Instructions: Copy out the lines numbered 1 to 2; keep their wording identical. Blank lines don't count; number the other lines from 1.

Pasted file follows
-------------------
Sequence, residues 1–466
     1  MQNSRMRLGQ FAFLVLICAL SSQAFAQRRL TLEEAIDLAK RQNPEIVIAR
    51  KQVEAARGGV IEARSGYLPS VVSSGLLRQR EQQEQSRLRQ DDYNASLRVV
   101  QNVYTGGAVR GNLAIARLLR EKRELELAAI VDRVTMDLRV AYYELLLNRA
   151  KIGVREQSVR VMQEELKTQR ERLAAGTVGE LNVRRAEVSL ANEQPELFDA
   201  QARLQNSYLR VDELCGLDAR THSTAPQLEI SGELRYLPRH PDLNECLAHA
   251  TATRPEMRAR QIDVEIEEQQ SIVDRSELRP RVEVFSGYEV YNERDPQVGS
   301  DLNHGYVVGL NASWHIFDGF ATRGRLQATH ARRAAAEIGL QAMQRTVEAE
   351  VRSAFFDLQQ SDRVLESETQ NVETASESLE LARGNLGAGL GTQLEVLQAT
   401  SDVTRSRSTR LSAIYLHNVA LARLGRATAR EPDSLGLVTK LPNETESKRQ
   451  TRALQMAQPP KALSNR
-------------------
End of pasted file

Sequence, residues 1–466
     1  MQNSRMRLGQ FAFLVLICAL SSQAFAQRRL TLEEAIDLAK RQNPEIVIAR